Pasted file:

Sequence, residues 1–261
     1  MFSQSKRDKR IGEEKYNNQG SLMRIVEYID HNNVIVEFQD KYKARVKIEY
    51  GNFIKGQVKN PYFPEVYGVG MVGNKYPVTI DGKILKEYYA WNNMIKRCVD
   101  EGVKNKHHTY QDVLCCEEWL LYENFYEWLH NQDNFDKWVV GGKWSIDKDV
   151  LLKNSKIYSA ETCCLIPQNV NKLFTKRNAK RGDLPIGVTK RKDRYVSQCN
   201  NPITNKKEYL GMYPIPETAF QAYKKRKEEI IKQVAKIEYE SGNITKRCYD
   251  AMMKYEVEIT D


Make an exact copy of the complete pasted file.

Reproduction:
Sequence, residues 1–261
     1  MFSQSKRDKR IGEEKYNNQG SLMRIVEYID HNNVIVEFQD KYKARVKIEY
    51  GNFIKGQVKN PYFPEVYGVG MVGNKYPVTI DGKILKEYYA WNNMIKRCVD
   101  EGVKNKHHTY QDVLCCEEWL LYENFYEWLH NQDNFDKWVV GGKWSIDKDV
   151  LLKNSKIYSA ETCCLIPQNV NKLFTKRNAK RGDLPIGVTK RKDRYVSQCN
   201  NPITNKKEYL GMYPIPETAF QAYKKRKEEI IKQVAKIEYE SGNITKRCYD
   251  AMMKYEVEIT D